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Fla. Republicans Applaud Romney's Inclusiveness Of Ron Paul Ideas, Delegates

Ahead of next week’s Republican National Convention in Tampa, the party and its presidential front-runner Mitt Romney have made a compromise to allow some delegates who support Texas Congressman Ron Paul to have a seat at the nominating table. And some Florida Republicans are saying this inclusiveness should be a model for Republican leaders in the Florida Legislature.

Sally Bradshaw is a Republican strategist who has worked on state and federal campaigns for more than two decades.

“I’m currently working with Speaker-designate of the Florida House, Will Weatherford, and the Republican House Campaign Committee and I have worked in the past as the Chief of Staff to Gov. Jeb Bush and managed two of his three campaigns," she says.

Bradshaw says, for Libertarian-leaning Ron Paul to have had a shot at the Republican nomination, he would have had to carry the majority of five states during the primary. And though he didn’t, he and his vocal supporters have still managed to get some of his ideas incorporated into the Republican Party platform.

"There’s a heavy focus on the U.S. Constitution, which is a new section of the platform. There’s a discussion of putting together a panel on the gold standard," she says. "So I think you’ve seen a real effort by the Romney campaign.”

But that’s not good enough for some of Ron Paul’s Florida supporters. David Foster, of Tallahassee, is hoping to carry on Paul’s legacy, after he retires next year, with his grassroots group called Liberty Avengers, which tries to help elect candidates with similar platforms. Foster says, Romney’s last-minute compromise feels like pandering, and he and fellow Paul supporters will not get behind the presumptive Republican nominee.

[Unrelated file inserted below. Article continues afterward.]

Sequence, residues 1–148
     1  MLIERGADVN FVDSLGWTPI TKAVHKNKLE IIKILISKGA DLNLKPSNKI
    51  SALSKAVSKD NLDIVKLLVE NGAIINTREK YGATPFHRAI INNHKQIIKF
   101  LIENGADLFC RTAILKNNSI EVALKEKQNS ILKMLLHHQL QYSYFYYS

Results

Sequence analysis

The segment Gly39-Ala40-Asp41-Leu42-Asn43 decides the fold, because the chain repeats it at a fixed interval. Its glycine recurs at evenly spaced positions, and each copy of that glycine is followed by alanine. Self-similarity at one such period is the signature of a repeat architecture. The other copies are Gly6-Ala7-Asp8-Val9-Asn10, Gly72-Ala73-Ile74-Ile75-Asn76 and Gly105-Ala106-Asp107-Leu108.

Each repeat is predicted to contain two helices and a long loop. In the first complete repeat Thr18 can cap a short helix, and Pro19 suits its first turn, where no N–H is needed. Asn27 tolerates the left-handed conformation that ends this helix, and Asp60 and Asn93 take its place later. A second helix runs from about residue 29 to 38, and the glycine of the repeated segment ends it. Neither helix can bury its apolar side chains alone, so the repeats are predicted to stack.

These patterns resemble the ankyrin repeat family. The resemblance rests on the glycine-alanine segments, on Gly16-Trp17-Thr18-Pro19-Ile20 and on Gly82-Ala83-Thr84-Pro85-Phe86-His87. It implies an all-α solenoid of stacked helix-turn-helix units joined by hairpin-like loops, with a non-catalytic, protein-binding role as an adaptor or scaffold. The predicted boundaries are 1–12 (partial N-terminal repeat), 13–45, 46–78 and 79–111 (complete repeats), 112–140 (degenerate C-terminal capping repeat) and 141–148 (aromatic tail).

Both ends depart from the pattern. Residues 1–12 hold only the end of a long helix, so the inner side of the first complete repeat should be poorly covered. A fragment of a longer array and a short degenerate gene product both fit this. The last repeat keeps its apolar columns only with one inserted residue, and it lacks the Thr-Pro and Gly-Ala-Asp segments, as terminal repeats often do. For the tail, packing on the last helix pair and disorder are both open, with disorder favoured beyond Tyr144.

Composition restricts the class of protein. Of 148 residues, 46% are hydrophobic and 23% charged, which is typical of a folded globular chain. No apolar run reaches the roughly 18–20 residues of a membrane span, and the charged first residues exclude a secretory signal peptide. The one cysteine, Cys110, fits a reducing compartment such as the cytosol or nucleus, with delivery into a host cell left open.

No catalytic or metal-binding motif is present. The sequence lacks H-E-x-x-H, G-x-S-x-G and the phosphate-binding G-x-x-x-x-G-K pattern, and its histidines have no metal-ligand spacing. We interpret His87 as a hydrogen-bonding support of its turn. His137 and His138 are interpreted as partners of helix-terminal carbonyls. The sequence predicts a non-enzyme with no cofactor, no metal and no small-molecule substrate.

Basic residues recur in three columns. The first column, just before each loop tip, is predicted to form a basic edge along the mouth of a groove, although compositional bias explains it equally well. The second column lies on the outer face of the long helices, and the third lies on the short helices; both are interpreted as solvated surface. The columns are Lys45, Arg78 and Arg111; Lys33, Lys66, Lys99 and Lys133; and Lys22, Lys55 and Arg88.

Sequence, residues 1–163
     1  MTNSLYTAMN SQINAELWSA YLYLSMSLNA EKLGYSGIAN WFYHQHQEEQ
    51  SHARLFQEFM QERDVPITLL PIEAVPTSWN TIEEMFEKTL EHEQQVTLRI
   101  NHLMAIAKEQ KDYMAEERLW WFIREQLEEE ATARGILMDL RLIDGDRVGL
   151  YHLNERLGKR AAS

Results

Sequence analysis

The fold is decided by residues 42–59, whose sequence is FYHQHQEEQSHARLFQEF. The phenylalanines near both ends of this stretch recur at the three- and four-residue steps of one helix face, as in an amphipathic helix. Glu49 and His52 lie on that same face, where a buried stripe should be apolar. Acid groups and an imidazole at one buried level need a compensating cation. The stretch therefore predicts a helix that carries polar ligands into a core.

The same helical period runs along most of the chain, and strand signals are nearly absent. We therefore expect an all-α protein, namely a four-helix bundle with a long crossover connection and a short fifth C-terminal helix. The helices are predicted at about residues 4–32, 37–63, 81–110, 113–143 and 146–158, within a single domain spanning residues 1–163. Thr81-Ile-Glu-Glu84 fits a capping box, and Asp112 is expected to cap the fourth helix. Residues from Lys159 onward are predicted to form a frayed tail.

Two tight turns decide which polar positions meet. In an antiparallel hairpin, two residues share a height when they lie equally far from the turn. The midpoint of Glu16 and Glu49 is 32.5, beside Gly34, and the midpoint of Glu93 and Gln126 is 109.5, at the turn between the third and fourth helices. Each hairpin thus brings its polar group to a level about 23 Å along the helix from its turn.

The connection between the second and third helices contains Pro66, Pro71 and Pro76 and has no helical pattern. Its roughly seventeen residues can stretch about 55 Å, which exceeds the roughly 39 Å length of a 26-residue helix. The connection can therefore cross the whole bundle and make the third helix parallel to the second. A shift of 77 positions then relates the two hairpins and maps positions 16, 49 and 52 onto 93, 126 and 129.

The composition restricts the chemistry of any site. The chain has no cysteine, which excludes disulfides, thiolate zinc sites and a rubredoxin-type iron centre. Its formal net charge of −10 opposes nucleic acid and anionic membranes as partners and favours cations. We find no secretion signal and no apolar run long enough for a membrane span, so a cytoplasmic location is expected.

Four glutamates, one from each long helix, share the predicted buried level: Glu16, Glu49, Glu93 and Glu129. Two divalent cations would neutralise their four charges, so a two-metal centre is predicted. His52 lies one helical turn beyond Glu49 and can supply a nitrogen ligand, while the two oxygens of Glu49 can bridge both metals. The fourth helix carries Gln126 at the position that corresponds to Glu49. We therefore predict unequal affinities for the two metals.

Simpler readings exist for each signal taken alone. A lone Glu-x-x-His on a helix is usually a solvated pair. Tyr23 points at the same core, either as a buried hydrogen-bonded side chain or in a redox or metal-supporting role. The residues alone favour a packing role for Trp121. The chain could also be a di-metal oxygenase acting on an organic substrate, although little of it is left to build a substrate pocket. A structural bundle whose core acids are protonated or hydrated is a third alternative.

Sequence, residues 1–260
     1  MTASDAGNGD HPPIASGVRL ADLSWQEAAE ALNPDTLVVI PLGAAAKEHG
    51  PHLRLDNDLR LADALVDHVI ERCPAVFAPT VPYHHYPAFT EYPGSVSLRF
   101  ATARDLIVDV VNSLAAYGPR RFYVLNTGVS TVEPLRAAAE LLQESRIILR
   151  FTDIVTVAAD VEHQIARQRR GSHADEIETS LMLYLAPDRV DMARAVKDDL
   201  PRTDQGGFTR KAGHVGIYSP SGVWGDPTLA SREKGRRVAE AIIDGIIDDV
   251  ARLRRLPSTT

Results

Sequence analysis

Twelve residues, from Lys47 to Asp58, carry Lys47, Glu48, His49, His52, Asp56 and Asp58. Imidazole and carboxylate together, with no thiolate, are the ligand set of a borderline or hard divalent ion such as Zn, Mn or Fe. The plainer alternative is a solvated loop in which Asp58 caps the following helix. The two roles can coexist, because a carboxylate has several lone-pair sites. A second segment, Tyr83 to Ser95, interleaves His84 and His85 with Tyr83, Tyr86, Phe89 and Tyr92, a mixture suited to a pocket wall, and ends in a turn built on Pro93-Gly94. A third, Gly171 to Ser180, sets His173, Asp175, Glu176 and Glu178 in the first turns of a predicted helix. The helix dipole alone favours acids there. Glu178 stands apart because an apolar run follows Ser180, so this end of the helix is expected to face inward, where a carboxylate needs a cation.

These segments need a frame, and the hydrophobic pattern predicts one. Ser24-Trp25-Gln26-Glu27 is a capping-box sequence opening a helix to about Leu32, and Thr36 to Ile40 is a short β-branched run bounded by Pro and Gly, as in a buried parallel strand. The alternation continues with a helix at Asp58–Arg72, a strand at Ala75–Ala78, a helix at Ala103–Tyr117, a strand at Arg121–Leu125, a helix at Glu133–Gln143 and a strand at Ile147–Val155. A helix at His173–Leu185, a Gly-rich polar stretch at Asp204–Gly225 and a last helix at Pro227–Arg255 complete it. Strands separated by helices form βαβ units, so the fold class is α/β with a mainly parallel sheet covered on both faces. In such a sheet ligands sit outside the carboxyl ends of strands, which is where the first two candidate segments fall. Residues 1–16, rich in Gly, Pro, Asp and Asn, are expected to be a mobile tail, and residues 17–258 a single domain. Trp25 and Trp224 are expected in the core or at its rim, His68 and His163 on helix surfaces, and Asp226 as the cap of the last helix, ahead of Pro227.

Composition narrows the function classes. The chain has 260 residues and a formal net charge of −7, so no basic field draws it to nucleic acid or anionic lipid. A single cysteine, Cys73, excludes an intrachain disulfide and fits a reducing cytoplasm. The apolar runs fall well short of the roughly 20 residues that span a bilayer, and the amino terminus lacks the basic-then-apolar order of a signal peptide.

“The thing that frustrates me the most, is that they have an opportunity right now to expand the Republican base," he says. "So, it’s almost as if they’re trying to throw the election because they’re not embracing this young movement of people who have come forward.”

But one longtime Republican Florida lawmaker, state Sen. Mike Fasano, says, there’s always going to be some disagreement about candidates within a party, and he applauds Romney’s inclusiveness.

“It’s important that the party open their tent up to all different types of suggestions and recommendations from people that are Republicans," he says.

That’s especially needed right now within the Florida Republican Party, he says. Fasano has served in both state chambers for the past 18 years, and will be returning to the House of Representatives next session. This year, he and a handful of other Republicans diverged with the Senate majority party when they voted against one of the party’s priority bills, which would have turned over 11 state prisons to private companies.

“And the President of the Senate, who happens to be Republican, removed me as a chairman because of that. That’s not what we want as a party. We should welcome everyone who has an idea," he says.

And, further highlighting a division in his party, Fasano says, some Republican lawmakers seem to consistently vote based on the goals of the conservative Tea Party, which backed political newcomer Rick Scott for Governor in 2010.

But, he says, he’s encouraged by what he sees as more independent-thinking Republicans who are now stepping in to lead the Florida Legislature.

“People like Will Weatherford, who will be the Speaker of the House come November, future leaders, people like Richard Corcoran and Jack Latvala, they just don’t follow based on this is what this particular group wants you to do. And I believe that is a good thing for our party," he says.

And Sally Bradshaw says, overall, the Florida Republican Party is a uniform group with similar goals.

“The Tea Party, to their great credit, has refocused our party, in some ways, on the issues that matter. We believe in less government. We believe the tax dollars we send to Tallahassee and to Washington should be spent wisely," she says.

And, with about 25 years’ experience on campaigns, she says, she’s rarely seen her party so unified as they are right now around defeating President Barack Obama in November.